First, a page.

Camelina Meal Has Potential as Feed

US - Sustainable Oils is building markets for camelina oil and meal and sees strong momentum for the new crop. Camelina meal is being tested for broilers and GRAS approval is being sought for cattle and pigs.
calendar icon 1 July 2009
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Sustainable Oils continues to build markets and momentum for the commercial camelina business in Montana, the Pacific Northwest, and southern Canada. The company has secured sales contracts for the camelina oil and camelina meal from its 2008 harvested crop. The harvested camelina seeds are currently being crushed by Montana Specialty Mills in Great Falls, Montana.

Last week, Sustainable Oils leaders briefed Montana Governor Brian Schweitzer and other state officials including Ron de Young, director of Montana Department of Agriculture, and Evan Barrett, chief business officer, on the progress of the company and camelina within the state and across North America.

"We're seeing growing interest and demand for both camelina oil and camelina meal as customers see the opportunities and benefits of the crop," said Scott Johnson, president of Sustainable Oils. "Our goal is to build a strong, sustainable foundation for the camelina industry, and creating markets for both oil and meal is essential."

The jet fuel market has emerged as a strong business opportunity for camelina oil and camelina producers. Johnson said that virtually all of the camelina oil produced by Sustainable Oils in 2009 will be used to produce aviation fuel and green diesel for further market development.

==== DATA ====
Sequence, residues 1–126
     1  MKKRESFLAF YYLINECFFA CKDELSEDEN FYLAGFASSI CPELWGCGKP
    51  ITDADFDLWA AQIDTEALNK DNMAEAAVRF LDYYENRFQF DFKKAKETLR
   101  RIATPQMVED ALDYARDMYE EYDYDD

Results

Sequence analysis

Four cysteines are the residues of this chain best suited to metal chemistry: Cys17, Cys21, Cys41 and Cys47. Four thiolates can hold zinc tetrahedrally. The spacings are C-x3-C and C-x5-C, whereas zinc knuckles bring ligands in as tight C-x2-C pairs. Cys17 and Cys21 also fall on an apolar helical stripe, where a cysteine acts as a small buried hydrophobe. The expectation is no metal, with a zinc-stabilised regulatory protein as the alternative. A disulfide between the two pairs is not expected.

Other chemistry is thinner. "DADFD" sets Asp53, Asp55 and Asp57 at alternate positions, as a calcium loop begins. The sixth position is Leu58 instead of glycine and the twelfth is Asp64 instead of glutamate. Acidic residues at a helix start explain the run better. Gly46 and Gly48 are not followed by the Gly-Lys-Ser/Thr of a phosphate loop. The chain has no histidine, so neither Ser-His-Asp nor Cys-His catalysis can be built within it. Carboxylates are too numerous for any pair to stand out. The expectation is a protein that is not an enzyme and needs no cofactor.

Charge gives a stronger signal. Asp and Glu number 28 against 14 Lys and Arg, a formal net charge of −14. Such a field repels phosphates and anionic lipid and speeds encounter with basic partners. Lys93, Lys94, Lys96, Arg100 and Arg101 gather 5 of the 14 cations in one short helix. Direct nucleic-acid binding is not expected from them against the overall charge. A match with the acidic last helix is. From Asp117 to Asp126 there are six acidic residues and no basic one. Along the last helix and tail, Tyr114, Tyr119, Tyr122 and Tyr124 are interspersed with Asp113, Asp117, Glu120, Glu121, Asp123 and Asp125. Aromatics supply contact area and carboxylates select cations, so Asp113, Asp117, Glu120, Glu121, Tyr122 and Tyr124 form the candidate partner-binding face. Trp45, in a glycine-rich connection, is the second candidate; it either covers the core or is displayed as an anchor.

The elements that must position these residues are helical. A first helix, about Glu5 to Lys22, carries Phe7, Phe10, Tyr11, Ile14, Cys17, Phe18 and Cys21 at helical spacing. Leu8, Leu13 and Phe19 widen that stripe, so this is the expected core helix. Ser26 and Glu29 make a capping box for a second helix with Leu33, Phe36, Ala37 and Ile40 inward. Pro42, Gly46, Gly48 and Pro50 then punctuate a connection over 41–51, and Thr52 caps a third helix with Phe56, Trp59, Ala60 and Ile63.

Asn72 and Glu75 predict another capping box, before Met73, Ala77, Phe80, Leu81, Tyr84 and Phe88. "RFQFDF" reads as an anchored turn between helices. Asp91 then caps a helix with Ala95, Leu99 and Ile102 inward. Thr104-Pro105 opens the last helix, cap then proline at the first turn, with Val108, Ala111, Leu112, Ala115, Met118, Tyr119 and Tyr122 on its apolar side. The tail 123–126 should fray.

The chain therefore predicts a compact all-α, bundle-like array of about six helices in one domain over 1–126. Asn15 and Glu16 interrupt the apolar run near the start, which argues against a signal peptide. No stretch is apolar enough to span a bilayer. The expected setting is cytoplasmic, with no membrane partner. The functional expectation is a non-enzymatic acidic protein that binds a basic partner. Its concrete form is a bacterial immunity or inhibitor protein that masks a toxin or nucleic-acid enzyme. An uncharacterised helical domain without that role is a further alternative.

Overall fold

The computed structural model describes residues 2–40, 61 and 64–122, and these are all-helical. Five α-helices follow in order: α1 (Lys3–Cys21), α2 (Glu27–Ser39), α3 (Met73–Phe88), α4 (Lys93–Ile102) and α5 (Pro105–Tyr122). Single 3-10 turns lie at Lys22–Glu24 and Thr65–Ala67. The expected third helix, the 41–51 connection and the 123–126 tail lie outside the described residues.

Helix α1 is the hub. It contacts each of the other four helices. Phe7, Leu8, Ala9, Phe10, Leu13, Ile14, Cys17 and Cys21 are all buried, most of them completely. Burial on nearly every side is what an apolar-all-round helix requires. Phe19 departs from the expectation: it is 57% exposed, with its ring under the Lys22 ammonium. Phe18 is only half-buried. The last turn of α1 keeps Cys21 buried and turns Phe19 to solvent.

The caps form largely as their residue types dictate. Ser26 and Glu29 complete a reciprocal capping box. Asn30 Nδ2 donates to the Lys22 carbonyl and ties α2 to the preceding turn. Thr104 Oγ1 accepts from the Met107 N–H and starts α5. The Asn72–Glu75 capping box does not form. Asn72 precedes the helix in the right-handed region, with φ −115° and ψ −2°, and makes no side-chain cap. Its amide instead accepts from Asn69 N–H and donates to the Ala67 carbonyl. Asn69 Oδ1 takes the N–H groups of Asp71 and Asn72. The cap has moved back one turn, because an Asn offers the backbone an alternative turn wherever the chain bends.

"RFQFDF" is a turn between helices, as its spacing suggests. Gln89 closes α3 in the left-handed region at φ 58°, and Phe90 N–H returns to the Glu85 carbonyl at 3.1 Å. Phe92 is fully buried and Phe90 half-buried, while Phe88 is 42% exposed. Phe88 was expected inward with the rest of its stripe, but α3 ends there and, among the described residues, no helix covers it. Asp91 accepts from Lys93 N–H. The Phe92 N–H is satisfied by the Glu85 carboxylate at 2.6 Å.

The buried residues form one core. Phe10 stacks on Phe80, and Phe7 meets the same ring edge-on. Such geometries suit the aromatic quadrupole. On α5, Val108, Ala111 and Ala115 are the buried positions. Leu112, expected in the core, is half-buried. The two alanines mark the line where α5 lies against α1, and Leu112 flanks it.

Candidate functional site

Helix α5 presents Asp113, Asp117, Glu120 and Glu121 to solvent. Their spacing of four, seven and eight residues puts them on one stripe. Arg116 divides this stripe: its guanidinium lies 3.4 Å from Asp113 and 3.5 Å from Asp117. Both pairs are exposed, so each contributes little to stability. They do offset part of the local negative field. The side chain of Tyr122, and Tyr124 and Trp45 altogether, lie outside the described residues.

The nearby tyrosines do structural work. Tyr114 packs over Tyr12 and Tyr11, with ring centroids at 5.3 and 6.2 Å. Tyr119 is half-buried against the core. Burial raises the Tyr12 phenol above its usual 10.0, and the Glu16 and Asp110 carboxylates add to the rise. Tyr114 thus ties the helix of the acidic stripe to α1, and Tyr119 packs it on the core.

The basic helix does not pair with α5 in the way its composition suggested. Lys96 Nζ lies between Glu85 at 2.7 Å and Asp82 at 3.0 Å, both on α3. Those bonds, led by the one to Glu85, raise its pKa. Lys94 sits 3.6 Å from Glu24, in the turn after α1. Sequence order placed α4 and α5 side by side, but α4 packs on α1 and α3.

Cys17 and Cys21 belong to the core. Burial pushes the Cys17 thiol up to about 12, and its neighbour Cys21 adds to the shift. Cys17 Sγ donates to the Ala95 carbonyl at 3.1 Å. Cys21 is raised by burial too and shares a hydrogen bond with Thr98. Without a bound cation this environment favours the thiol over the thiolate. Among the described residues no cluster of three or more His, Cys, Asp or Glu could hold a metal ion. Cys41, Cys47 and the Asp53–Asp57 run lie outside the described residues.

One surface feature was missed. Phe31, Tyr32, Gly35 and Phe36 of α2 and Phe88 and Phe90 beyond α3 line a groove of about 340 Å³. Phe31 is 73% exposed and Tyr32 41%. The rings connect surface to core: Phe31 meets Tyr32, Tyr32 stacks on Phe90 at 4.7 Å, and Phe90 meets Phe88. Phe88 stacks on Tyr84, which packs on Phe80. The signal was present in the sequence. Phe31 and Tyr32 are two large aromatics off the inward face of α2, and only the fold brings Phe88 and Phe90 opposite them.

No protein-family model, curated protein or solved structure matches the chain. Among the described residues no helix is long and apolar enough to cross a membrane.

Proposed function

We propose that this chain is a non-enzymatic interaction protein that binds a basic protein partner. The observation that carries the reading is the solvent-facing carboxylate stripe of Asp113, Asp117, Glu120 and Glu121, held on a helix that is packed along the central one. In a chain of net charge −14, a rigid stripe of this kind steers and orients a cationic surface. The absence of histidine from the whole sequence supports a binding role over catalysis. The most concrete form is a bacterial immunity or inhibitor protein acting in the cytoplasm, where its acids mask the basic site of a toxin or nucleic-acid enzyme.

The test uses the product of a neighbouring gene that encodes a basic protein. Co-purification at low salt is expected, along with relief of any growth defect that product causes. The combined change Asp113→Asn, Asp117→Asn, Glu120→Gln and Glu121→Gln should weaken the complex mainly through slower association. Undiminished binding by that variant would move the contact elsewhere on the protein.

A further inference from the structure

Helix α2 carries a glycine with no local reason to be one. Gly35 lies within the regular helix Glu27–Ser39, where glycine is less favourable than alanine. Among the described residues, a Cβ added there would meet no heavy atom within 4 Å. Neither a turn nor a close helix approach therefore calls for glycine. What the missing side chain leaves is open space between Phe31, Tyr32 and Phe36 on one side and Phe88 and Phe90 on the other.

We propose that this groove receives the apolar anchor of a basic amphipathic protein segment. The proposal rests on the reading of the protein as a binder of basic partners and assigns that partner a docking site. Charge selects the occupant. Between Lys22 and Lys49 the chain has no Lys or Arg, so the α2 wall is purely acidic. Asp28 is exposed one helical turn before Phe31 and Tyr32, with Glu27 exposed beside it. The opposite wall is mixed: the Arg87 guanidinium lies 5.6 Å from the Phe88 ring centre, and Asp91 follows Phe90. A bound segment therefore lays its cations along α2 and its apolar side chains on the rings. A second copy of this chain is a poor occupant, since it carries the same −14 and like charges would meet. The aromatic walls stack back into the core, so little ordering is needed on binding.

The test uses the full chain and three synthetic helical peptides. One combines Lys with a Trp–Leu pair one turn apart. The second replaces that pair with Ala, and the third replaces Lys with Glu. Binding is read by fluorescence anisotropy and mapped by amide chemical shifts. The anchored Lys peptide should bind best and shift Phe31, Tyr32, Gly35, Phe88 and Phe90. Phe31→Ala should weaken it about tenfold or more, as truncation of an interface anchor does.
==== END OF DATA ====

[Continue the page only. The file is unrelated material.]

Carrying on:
A recent life cycle analysis (LCA) of jet fuel created from camelina seeds conducted at Michigan Tech University in conjunction with UOP, a Honeywell Company, and Sustainable Oils found that the renewable fuel reduces carbon emissions by 80 percent compared to petroleum jet fuel. In January, Japan Airlines (JAL) conducted a successful demonstration flight using a sustainable biofuel primarily produced from camelina.

Sustainable Oils has contracted camelina meal, a by-product of camelina oil extraction, for sale to poultry broiler production. Camelina meal can be a valuable source of protein for livestock and poultry producers. With protein levels of 40 per cent or more, it provides similar overall protein as soybean meal with the added benefits of camelina's unique amino acid and fatty acid profile.

The company is working with other members of the North America Camelina Trade Association (NACTA), to secure regulatory approvals for feeding camelina meal. Earlier this year, the FDA issued a letter allowing the use of camelina meal in the diets of broilers up to 10 per cent of the weight of the total ration. NACTA members are working with the FDA and the American Association of Feed Control Officials (AAFCO) to secure "Generally Recognized as Safe" certification for poultry and additional livestock species such as swine, beef cattle and dairy cattle.

"We're excited about the 2009 camelina crop that is currently planted across Montana and southern Canada," said Mr Johnson. "We received an excellent response from growers this year and are looking forward to offering contracts for significantly more acres in 2010."

Growers who are interested in additional information or contracting opportunities for the 2010 growing season should register on the Sustainable Oils web site [click here].

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